Murders in Nepal produce sorrow and deep suspicion
By Mike McPhate
Pacific News Service
KATMANDU, NEPAL – Two sobbing men embraced as riots raged around them Monday afternoon. “What will we do?” one moaned. “We have lost our mother and father.”
Sorrow followed news of the Nepalese royal family’s massacre Friday night. Virtually every shop in the capital closed, and has remained so.
But grief turned to anger over the weekend. Young men stomped about and rode in fleets of motorcycles waving red Nepali flags and pictures of the deceased King and Queen chanting, “Hang the murderer,” “We don’t want fake democracy,” and “We don’t want foreign pressure.”
And Monday, after three days of unsatisfactory government explanations, rioters played a nasty game of dodge ball using bricks and concrete with police who responded with tear gas and bullets. According to the Kathmandu Post, at least two protesters were killed and over 36 sustained gunshot wounds.
Since then, an all-out curfew has effectively emptied the streets.
The rioters, including many who shaved their heads in honor of the dead King, have been swarming foreign journalists, telling them that the massacre was in no way the result of a family spat, but a dirty conspiracy by a rival faction within the royal family.
According to Nepalese officials, Crown Prince Dipendra was at the palace with his family and a few close relatives for their regular Friday evening dinner. An argument ensued over Dipendra’s choice of bride, Suprima Shah, a beautiful school teacher and daughter of the Queen’s chief bodyguard.
Queen mother Aishwarya disapproved of the match and threatened to bypass royal succession and make his little brother, Nirajan, king if he went through with the marriage. Dipendra stormed away from the table and returned clad in army fatigues spraying the room indiscriminately with a semi-automatic rifle before turning it on himself.
People in the street paint a more sinister scenario. They say the assassinations were part of a plot by the murdered King’s younger brother, Gyanendra, and his son, Paras, to capture the throne.
As evidence, they point to the fact that Paras, who was present at the dinner, escaped unscathed while Gyanendra was conveniently out of town.
Further, Dipendra is considered too nice a person to commit such an act. “He was like the guy next door,” said one observer. “Everyone liked him.”
The government’s actions since the killings have only served to stimulate suspicion.
First, they withheld news of the Friday killings until as late as Saturday afternoon. Government-run media implied the deaths had occurred normally, with reports only mentioning that several members of the royal family had “passed away.”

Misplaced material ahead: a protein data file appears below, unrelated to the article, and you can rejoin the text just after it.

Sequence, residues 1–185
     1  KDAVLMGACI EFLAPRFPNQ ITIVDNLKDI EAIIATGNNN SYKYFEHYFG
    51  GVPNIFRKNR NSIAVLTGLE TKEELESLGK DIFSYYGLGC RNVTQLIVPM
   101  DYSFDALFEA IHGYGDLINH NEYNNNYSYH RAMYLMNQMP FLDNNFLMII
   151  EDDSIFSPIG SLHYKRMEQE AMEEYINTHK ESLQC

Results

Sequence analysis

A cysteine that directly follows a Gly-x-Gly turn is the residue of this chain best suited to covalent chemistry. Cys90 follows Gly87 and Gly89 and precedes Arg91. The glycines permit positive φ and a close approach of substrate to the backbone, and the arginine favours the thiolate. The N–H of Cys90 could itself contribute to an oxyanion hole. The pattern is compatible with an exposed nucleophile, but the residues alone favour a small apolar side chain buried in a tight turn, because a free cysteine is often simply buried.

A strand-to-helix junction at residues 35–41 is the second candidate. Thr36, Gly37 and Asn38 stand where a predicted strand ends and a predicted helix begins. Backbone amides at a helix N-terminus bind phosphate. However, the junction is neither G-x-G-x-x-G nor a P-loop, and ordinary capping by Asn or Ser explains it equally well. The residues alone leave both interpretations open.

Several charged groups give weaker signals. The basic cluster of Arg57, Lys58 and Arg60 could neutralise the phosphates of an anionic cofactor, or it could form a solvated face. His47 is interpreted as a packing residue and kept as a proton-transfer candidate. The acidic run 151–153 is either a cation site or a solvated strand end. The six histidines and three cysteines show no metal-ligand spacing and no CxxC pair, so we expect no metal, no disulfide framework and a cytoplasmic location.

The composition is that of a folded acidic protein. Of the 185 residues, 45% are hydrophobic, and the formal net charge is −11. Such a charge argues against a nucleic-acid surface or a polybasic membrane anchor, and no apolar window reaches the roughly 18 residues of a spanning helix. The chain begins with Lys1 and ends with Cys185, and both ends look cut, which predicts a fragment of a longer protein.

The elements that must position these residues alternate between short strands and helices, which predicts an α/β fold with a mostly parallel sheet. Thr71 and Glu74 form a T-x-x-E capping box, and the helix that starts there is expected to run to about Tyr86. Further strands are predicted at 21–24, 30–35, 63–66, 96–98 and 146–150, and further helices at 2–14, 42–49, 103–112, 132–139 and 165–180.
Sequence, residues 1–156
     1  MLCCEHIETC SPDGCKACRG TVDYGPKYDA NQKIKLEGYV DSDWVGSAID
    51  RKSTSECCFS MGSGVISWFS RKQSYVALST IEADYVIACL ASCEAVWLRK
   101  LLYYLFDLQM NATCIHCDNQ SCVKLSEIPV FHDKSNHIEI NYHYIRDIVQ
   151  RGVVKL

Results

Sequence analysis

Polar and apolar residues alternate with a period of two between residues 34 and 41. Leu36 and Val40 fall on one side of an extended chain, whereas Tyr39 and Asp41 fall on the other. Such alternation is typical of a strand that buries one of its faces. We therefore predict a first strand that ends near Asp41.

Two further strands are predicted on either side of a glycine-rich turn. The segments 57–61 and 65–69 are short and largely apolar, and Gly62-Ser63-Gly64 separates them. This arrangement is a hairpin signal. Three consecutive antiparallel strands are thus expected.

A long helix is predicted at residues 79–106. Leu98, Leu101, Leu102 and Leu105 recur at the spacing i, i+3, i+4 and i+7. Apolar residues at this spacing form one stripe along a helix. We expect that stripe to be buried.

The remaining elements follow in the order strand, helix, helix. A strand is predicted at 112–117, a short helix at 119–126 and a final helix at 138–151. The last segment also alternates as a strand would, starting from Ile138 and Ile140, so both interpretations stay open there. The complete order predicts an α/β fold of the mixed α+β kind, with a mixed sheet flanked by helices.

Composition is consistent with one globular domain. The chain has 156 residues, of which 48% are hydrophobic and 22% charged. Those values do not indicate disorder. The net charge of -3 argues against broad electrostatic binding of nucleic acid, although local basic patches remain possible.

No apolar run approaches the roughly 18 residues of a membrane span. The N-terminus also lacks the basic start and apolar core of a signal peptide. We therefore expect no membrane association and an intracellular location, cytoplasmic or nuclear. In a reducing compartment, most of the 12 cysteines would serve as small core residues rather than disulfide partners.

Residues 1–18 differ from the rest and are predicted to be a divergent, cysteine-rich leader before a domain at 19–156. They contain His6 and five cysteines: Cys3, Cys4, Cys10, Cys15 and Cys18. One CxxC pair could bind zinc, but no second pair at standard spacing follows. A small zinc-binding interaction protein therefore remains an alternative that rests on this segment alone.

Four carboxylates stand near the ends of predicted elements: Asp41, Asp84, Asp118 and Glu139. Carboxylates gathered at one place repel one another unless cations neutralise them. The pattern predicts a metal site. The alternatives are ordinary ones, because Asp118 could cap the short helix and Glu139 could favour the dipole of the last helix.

Then, on Sunday afternoon, Gyanendra issued a laughable statement blaming killings on “the accidental firing of an automatic weapon.” He has since withdrawn that statement and promised to get to the bottom of things.
In addition, on different occasions officials have provided different times for the death of Dipendra, who reportedly remained on life support until early Monday morning. This has stirred suspicion that Dipendra was killed outright, and news of his death delayed to stall public outrage before Gyanendra assumed the throne.
“Gyanendra should be hung in public,” cried one rioter to the approval of onlookers.
Allegedly involved in smuggling operations, Gyanendra has not been popular. Paras is downright loathed.
He is rumored to be a murderer, and has had many run-ins with the law, commonly in nightclubs. In October, 1999, he allegedly jabbed a police officer in the face with the butt of a semi-automatic rifle. Later that year he was seen molesting a woman in a Katmandu nightclub and firing a gun into the air. Only months ago he is alleged to have murdered a prominent musician by running him over with his car.
“Paras is a bloody fool,” said former Nepalese Ambassador to the United Nations, Rishikesh Shaha. “He needs to be spanked.”
Some think the Maoist peasant uprising that has crept toward the capital from a few western districts over the last decade is involved. The Maoists met with political leaders in the weeks before the massacre, and two of the two highest ranking and most reclusive Maoist leaders – Prachanda and Babarum Battarai – had even met with Gyanendra.
While it is too early to say with certainty what occurred on Friday night, the all-consuming loss will have a long-term effect on the hearts and minds of people in Nepal.